The health effects of wine are mainly determined by its active ingredient – alcohol. Preliminary studies found that drinking small quantities of wine (up to one standard drink per day for women and one to two drinks per day for men), particularly of red wine, may be associated with a decreased risk of cardiovascular diseases, cognitive decline, stroke, diabetes mellitus, metabolic syndrome, and early death. Other studies found no such effects.
Drinking more than the standard drink amount increases the risk of cardiovascular diseases, high blood pressure, atrial fibrillation, stroke, and cancer. Mixed results are also observed in light drinking and cancer mortality.
Risk is greater in young people due to binge drinking, which may result in violence or accidents. About 88,000 deaths in the United States are estimated to be due to alcohol each year. Alcoholism reduces a person's life expectancy by around ten years and excessive alcohol use is the third leading cause of early death in the United States. According to systematic reviews and medical associations, people who are non-drinkers should never start drinking wine nor any other alcoholic drink.
The history of wine includes use as an early form of medication, being recommended variously as a safe alternative to drinking water, an antiseptic for treating wounds, a digestive aid, and as a cure for a wide range of ailments including lethargy, diarrhea, and pain from child birth. Ancient Egyptian papyri and Sumerian tablets dating back to 2200 BC detail the medicinal role of wine, making it the world's oldest documented human-made medicine.: 433 Wine continued to play a major role in medicine until the late 19th and early 20th century, when changing opinions and medical research on alcohol and alcoholism cast doubt on its role as part of a healthy lifestyle.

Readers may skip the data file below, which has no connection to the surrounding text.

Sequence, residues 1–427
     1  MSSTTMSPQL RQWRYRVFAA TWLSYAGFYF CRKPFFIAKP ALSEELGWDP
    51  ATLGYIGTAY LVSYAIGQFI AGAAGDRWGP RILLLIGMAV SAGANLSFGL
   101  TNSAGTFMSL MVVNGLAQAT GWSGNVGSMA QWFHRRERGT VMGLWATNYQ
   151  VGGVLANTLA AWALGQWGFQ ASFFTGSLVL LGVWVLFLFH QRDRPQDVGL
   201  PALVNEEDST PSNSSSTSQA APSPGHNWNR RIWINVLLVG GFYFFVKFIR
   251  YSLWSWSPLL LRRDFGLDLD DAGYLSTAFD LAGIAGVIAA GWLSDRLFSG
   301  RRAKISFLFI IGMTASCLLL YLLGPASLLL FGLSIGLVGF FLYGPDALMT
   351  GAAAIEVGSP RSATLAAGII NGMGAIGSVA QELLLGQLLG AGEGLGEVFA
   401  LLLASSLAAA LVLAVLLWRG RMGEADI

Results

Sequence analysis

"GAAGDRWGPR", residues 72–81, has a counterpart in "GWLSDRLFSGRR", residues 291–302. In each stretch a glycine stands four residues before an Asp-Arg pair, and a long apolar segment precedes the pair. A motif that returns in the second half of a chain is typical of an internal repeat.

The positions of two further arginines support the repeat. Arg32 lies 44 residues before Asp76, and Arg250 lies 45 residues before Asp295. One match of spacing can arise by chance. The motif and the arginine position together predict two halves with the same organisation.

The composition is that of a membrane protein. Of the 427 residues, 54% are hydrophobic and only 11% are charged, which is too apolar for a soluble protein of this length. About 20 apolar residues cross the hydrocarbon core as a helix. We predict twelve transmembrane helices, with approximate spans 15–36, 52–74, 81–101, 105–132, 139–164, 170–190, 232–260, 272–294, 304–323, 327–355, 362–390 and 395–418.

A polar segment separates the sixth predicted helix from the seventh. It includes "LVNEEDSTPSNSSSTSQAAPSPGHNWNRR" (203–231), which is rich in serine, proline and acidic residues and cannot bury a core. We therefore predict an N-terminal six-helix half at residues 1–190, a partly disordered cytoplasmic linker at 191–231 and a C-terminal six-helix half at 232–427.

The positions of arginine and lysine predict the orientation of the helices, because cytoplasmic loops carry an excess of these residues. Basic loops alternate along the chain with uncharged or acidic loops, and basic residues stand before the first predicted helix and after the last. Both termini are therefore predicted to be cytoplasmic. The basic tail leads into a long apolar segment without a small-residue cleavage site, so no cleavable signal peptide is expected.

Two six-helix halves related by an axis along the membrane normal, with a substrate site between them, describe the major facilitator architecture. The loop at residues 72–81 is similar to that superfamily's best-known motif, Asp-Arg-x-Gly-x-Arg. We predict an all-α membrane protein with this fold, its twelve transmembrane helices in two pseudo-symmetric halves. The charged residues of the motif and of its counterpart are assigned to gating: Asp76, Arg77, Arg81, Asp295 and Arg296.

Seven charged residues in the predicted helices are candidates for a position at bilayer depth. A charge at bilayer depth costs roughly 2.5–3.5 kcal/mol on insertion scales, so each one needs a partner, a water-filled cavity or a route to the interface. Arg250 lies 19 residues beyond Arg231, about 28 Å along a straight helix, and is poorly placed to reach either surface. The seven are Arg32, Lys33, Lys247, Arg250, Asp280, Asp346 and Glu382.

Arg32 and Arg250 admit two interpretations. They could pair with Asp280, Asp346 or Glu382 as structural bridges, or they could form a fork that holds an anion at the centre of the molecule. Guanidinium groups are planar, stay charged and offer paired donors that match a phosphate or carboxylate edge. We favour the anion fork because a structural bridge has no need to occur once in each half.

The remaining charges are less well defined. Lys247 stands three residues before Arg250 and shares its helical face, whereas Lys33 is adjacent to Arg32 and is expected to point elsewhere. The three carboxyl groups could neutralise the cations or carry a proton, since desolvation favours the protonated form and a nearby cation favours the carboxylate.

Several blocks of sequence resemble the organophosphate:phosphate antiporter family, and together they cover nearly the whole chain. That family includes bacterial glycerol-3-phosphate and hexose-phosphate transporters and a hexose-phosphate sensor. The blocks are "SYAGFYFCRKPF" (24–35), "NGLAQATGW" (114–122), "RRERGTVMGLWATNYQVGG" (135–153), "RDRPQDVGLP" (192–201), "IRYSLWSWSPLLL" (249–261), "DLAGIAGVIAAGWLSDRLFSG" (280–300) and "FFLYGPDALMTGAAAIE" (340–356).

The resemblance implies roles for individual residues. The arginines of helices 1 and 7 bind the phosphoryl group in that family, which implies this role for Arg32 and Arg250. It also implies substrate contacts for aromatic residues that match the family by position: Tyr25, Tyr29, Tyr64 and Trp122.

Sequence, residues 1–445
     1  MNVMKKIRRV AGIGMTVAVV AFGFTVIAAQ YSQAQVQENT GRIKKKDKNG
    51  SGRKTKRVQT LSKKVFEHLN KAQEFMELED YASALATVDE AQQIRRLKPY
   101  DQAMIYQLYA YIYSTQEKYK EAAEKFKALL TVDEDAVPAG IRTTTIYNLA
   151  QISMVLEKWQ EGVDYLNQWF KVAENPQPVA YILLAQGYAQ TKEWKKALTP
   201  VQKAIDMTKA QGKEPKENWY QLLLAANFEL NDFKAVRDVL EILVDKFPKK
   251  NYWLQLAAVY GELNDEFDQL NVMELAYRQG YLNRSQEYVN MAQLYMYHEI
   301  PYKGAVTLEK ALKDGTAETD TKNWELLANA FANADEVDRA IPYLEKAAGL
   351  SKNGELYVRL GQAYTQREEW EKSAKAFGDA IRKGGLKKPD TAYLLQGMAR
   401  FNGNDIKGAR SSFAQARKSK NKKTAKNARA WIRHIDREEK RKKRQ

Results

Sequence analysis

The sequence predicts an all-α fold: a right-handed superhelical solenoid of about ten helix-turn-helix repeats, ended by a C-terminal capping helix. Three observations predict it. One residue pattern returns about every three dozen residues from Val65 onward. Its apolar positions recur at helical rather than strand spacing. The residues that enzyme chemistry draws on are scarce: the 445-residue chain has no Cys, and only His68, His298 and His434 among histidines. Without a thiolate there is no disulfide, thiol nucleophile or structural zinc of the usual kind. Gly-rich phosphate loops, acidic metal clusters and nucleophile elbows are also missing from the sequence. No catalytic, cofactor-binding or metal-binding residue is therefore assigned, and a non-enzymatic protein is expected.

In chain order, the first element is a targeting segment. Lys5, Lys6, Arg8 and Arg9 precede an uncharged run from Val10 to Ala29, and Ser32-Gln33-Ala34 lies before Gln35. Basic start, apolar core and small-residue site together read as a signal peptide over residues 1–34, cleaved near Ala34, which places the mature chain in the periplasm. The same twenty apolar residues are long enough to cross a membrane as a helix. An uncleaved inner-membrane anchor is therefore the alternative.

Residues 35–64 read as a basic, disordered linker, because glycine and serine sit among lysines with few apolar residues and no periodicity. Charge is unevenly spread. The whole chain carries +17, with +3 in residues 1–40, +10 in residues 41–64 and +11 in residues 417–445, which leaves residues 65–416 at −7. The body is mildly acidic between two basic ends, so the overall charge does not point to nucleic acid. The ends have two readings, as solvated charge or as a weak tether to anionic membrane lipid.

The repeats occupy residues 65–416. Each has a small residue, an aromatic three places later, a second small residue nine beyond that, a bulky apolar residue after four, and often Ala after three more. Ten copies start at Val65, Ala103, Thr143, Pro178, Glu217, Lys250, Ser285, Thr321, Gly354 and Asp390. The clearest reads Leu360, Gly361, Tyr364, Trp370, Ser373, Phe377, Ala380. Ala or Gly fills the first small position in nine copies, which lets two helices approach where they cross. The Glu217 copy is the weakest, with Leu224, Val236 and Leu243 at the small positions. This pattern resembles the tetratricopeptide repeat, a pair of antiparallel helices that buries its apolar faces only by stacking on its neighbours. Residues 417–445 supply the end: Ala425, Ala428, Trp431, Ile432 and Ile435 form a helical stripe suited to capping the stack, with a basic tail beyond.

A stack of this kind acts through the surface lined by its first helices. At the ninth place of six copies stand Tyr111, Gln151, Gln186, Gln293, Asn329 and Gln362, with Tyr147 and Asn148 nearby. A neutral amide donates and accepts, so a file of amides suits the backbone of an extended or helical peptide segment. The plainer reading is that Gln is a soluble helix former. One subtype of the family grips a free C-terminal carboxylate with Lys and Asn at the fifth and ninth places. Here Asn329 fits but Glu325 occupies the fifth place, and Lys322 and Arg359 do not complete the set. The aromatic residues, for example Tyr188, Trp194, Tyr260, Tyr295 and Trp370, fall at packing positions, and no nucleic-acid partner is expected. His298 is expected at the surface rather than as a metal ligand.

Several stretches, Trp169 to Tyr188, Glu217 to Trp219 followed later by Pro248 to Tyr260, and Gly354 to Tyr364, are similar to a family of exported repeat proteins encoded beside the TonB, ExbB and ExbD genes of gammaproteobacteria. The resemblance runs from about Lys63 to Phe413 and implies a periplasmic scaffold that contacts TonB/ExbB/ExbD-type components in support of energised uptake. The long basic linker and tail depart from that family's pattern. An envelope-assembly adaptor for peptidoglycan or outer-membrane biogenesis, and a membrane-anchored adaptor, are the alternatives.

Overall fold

Nearly all research into the positive medical benefits of wine consumption makes a distinction between moderate consumption and heavy or binge drinking. Moderate levels of consumption vary by the individual according to age, sex, genetics, weight and body stature, as well as situational conditions, such as food consumption or use of drugs. In general, women absorb alcohol more quickly than men due to their lower body water content, so their moderate levels of consumption may be lower than those for a male of equal age.: 341–2 Some experts define "moderate consumption" as less than one 5-US-fluid-ounce (150 ml) glass of wine per day for women and two glasses per day for men.
The view of consuming wine in moderation has a history recorded as early as the Greek poet Eubulus (360 BC) who believed that three bowls (kylix) were the ideal amount of wine to consume. The number of three bowls for moderation is a common theme throughout Greek writing; today the standard 750 ml wine bottle contains roughly the volume of three kylix cups (250 ml or 8 fl oz each). However, the kylix cups would have contained a diluted wine, at a 1:2 or 1:3 dilution with water. In his circa 375 BC play Semele or Dionysus, Eubulus has Dionysus say:
Three bowls do I mix for the temperate: one to health, which they empty first, the second to love and pleasure, the third to sleep. When this bowl is drunk up, wise guests go home. The fourth bowl is ours no longer, but belongs to violence; the fifth to uproar, the sixth to drunken revel, the seventh to black eyes, the eighth is the policeman's, the ninth belongs to biliousness, and the tenth to madness and hurling the furniture.